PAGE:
Shared from Maritime Executive
A female passenger who tested positive for COVID-19 during a recent sailing of the Carnival Vista has died of the disease, Carnival Cruise Line confirmed in a statement Tuesday.
The family of the victim has identified her as Marilyn Tackett, 77. The line said that she was treated aboard the vessel by onboard medical staff, then evacuated to a hospital in Belize, where she would have access to a ventilator. On August 6, her family launched a GoFundMe page to cover the $30,000 cost of a medical repatriation flight to bring her back to the United States, as her insurance would not cover the expense. The effort was successful, and she was flown back to Oklahoma for treatment. In an update August 15, her family reported that Tackett had unfortunately passed away.
In a statement, Carnival told media that Tackett “almost certainly” did not catch COVID-19 on board the ship. At the time of the voyage, Carnival was not requiring pre-boarding COVID testing for vaccinated passengers, and she was the only passenger who fell ill. 26 crewmembers of Carnival Vista also contracted COVID-19 during the same time period, and all (including Tackett) were vaccinated prior to getting under way.
“We have continued to provide support to her family and are not going to add to their sadness by commenting further,” Carnival said in a statement. “Unfortunately, no venue on land or at sea is COVID-free right now, but we are committed to protecting the health and safety of our guests, crew and the communities we visit and have not hesitated to act quickly and go beyond existing public health guidelines.”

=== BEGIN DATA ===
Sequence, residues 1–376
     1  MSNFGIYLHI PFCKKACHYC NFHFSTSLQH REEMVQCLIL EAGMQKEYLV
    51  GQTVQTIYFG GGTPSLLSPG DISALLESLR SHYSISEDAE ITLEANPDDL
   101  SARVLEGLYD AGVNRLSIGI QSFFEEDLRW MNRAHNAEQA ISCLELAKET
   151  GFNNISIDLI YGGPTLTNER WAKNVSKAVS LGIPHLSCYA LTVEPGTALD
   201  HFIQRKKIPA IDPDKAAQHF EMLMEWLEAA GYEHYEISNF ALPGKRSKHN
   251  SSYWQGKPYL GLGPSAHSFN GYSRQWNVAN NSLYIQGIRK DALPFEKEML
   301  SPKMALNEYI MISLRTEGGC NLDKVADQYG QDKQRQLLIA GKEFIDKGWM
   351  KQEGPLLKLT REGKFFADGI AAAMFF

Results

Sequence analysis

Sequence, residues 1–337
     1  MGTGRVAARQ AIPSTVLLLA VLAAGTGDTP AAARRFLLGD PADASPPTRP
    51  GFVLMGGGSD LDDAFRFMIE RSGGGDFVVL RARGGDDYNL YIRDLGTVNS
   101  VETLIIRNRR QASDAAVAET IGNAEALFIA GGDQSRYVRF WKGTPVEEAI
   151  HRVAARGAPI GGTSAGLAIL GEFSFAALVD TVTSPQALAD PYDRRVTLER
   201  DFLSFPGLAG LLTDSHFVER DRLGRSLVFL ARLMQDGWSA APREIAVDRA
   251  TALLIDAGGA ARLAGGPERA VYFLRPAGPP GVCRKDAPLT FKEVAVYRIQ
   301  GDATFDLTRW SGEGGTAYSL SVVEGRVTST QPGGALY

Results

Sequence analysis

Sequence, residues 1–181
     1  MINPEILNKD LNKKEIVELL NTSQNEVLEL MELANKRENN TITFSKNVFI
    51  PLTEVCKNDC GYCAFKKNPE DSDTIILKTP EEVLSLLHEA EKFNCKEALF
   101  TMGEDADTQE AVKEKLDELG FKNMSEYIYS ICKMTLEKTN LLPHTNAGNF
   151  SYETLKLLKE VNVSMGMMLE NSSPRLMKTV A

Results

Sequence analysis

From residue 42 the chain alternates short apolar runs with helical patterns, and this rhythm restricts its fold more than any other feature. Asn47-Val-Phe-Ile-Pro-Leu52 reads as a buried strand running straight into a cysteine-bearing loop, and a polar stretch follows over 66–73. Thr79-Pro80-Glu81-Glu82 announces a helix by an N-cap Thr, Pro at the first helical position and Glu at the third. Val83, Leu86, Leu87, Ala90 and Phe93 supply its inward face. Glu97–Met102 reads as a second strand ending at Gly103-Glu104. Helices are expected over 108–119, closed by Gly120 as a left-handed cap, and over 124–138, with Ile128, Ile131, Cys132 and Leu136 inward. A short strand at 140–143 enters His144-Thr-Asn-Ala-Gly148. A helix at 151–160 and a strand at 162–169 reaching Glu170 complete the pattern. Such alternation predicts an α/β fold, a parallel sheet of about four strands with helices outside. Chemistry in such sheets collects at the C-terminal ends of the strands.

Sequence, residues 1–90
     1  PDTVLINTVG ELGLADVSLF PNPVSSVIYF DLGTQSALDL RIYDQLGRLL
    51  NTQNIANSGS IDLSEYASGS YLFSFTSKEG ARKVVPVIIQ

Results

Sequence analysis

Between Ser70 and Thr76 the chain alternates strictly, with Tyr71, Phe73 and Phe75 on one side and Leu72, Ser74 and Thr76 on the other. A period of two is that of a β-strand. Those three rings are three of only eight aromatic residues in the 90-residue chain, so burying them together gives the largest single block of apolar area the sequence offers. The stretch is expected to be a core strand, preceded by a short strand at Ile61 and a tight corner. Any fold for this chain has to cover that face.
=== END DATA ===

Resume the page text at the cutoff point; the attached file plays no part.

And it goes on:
Since the Carnival Vista outbreak, Carnival has implemented several new requirements to reduce the odds of COVID-19 transmission on board. These include pre-boarding testing for all passengers; masking requirements for some crowded public spaces indoors; and (effective August 28) a full vaccination requirement for all passengers over the age of 12. Previously, Carnival allowed a small number of non-vaccinated passengers to board, so long as they complied with additional testing requirements and paid an additional fee.
The new 100-percent vaccination requirement is a response to a new vaccine mandate for cruise ships entering the Bahamas, effective September 3.
“The requirements for cruise ships to enter ports outside the U.S. continue to evolve, and Carnival Cruise Line must operate in full compliance with these regulations,” well-known Carnival brand ambassador John Heald said in a social media update. “We believe these will be will temporary measures and apologize for any disruption caused to our guests.”